Bluesky, DigitalGlobe, USDA Farm Service Agency (2016). Map Imagery. https://www.google.com/maps/@40.6539831,-74.0180399,334m/data=!3m1!1e3.

Brash, J. (2011). Bloomberg’s New York: Class and governance in the luxury city. University of Georgia Press, Athens, GA.

Campbell, H.E., Peck, L.R., Tschudi, M.K. (2010). Justice for all? A cross-time analysis of toxics release inventory facility location. Review of Policy Research, 27, 1–25. https://doi.org/10.1111/j.1541-1338.2009.00424.x.

Checker, M. (2019). Environmental gentrification: Sustainability and the just city, in: Low, S.M. (Ed.), The Routledge Handbook of Anthropology and the City. Routledge, London, UK.

Checker, M. (2015). Green is the new brown: “Old school toxics” and environmental gentrification on a New York City waterfront, in: Isenhour, C., McDonogh, G., Checker, M. (eds.), Sustainability in the Global City, Myth and Practice. Cambridge University Press, New York, NY.

Daiute, C. (2014). Narrative inquiry: A dynamic approach. SAGE Publications, Inc, Thousand Oaks, CA.

DePass, M. (2006). Brownfields as a tool for the rejuvenation of land and community. Local Environment, 11, 601–606. https://doi.org/10.1080/13549830600853551.

Eckerd, A., Heidelberg, R.L. (2015). Public incentives, market motivations, and contaminated properties: New public management and brownfield liability reform. Public Administration Review, 75, 252–261. https://doi.org/10.1111/puar.12305.

Eckerd, A., Keeler, A.G. (2012). Going green together? Brownfield remediation and environmental justice. Policy Sciences, 45, 293–314. https://doi.org/10.1007/s11077-012-9155-9.

Essoka, J.D. (2010). The gentrifying effects of brownfields redevelopment, Western Journal of Black Studies, 34, 299–315.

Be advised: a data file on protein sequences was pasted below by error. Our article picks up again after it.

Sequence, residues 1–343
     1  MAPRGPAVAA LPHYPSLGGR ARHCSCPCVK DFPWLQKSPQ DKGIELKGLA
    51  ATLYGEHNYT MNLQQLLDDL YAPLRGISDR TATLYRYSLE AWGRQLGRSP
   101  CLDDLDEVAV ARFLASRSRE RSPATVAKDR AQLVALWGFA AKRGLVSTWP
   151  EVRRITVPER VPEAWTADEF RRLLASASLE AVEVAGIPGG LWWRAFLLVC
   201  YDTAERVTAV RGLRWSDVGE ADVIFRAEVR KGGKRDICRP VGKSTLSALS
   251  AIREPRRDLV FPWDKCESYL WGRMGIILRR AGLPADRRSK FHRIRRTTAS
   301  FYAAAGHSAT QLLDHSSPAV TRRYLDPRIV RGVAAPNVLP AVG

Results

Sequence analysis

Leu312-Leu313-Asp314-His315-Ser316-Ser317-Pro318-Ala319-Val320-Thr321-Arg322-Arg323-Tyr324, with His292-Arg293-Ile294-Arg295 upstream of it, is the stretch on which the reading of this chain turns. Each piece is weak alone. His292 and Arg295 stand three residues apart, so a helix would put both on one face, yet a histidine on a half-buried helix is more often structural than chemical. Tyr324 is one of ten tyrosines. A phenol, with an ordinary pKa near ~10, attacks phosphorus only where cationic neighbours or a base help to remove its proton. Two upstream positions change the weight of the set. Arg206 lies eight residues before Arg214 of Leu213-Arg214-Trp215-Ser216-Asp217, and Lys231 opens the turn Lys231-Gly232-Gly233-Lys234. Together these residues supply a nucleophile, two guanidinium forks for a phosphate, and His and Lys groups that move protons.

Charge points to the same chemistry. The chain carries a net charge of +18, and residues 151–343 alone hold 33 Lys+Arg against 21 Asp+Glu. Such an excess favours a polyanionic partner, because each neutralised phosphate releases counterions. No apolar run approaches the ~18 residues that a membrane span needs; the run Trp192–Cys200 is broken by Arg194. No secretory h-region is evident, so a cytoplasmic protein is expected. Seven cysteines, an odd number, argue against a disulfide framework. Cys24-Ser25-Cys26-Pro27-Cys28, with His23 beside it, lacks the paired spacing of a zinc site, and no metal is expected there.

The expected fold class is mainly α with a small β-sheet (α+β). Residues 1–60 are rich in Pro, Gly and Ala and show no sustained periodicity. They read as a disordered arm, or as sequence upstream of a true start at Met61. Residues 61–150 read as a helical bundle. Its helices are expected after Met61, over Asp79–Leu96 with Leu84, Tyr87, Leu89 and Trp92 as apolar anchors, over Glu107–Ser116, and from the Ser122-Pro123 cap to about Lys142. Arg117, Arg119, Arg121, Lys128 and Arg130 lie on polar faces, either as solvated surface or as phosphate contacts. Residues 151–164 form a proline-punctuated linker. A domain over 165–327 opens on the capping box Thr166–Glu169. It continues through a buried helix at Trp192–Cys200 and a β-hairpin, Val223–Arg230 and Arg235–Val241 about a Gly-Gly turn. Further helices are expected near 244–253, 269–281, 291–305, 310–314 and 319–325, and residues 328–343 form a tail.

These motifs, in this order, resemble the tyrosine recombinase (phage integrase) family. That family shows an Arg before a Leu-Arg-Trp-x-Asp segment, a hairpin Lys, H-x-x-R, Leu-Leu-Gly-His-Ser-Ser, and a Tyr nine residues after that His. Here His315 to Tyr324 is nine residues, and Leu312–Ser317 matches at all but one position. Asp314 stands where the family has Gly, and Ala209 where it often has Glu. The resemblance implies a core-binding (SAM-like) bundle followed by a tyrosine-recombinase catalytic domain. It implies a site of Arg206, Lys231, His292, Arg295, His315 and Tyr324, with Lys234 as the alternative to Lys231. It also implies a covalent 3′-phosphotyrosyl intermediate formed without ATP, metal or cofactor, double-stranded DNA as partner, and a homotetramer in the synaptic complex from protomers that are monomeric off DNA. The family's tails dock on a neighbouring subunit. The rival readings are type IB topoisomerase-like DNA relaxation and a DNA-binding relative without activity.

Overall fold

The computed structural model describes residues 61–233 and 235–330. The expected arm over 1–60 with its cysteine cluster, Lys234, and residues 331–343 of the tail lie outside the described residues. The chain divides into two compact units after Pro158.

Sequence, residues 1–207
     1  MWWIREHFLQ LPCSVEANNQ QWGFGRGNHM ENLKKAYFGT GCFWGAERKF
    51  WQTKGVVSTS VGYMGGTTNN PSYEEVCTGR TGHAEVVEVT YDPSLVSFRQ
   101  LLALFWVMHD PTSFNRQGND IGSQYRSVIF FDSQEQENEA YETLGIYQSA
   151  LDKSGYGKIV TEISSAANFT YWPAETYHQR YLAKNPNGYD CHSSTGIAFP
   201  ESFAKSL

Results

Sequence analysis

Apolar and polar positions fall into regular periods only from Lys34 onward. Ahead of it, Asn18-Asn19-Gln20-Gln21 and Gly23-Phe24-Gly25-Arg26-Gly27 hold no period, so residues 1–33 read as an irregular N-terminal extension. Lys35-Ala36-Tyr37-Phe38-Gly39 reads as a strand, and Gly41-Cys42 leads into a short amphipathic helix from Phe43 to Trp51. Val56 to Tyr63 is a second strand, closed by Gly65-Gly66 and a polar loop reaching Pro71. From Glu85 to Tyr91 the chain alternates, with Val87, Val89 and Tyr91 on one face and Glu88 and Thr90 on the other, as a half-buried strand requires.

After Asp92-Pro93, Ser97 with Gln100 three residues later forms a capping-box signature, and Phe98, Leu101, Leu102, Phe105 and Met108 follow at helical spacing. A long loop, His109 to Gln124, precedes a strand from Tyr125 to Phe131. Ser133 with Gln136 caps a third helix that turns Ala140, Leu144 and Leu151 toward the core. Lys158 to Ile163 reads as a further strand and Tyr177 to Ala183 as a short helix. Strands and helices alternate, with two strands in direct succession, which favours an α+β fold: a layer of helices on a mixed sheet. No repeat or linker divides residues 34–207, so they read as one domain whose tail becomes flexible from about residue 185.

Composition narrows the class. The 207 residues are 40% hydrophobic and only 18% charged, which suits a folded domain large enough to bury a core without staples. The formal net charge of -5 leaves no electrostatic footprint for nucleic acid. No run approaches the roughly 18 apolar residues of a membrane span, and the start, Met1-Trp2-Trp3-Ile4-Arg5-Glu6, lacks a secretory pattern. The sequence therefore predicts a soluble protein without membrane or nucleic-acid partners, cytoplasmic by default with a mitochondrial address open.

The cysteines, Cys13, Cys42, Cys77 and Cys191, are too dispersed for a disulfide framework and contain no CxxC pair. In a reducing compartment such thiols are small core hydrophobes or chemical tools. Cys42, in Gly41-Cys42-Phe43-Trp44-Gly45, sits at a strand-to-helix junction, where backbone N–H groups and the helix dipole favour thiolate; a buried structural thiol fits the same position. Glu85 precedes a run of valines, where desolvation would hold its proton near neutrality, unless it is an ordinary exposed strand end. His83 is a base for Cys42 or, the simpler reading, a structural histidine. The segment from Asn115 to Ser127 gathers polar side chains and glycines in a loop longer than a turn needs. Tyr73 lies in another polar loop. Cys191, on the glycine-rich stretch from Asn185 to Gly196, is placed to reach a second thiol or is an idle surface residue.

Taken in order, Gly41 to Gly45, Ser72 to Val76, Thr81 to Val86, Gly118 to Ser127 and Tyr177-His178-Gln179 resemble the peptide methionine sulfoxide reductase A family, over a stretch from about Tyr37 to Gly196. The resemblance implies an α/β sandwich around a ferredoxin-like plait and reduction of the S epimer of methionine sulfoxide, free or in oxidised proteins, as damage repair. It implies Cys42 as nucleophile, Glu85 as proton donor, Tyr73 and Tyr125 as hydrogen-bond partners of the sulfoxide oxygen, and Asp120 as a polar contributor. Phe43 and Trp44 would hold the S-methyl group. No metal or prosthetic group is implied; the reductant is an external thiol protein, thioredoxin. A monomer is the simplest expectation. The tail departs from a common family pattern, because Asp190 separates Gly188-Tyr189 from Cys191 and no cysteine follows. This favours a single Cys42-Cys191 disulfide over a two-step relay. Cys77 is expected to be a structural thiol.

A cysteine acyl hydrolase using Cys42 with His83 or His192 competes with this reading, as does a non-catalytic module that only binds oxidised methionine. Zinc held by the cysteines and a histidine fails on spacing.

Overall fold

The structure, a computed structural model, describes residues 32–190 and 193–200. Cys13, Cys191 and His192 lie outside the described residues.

Fried, J.P. (2006). In the works, another park for a bit of the waterfront. New York Times.

Gonzalez, D. (2016). In Sunset Park, a call for “innovation” leads to fears of gentrification, New York Times.

Gould, K.A., Lewis, T.L. (2017). Green gentrification: Urban sustainability and the struggle for environmental justice, Routledge equity, justice and the sustainable city series, Routledge, New York, NY.

Haninger, K., Ma, L., Timmins, C. (2012). Estimating the impacts of brownfield remediation on housing property values (SSRN Scholarly Paper No. ID 2469241), Social Science Research Network, Rochester, NY.

Harvey, D. (2008). The right to the city. New Left Review, 53, 23–40.

Hum, T. (2014). Making a global immigrant neighborhood, Brooklyn’s Sunset Park, Temple University Press, Philadelphia, PA.

Industry City (n.d.). Inside Industry City. Indian City.

Kensinger, N. (2017). Bush Terminal residents decry displacement under Made In NY, Curbed N.Y. http://ny.curbed.com/2017/3/30/15125128/bush-terminal-made-in-ny-sunset-park-displacement [accessed 30 March 2017].

Kensinger, N. (2016). Developers compete to shape the future of Brooklyn’s Sunset Park, Curbed NY. URL https://ny.curbed.com/2016/2/25/11105658/sunset-park-industry-city-photos [accessed 13 January 2018].

Leyden, K.M., Goldberg, A., Michelbach, P. (2011). Understanding the pursuit of happiness in ten major cities. Urban Affairs Review, 47, 861–888. https://doi.org/10.1177/1078087411403120.

Low, S., Taplin, D., Scheld, S. (2005). Rethinking urban parks: Public space and cultural diversity, University of Texas Press, Austin, TX.

Marcuse, P. (1985). Gentrification, abandonment, and displacement: Connections, causes, and policy responses in New York City. Journal of Urban Contemporary Law, 28, 195–240.

McCarthy, L. (2009). Off the mark?: Efficiency in targeting the most marketable sites rather than equity in public assistance for brownfield redevelopment. Economic Development Quarterly, 23, 211–228. https://doi.org/10.1177/0891242408331159.

Ment, D. (1980). The people of Brooklyn: A history of two neighborhoods. Brooklyn Educational & Cultural Alliance, Brooklyn, NY.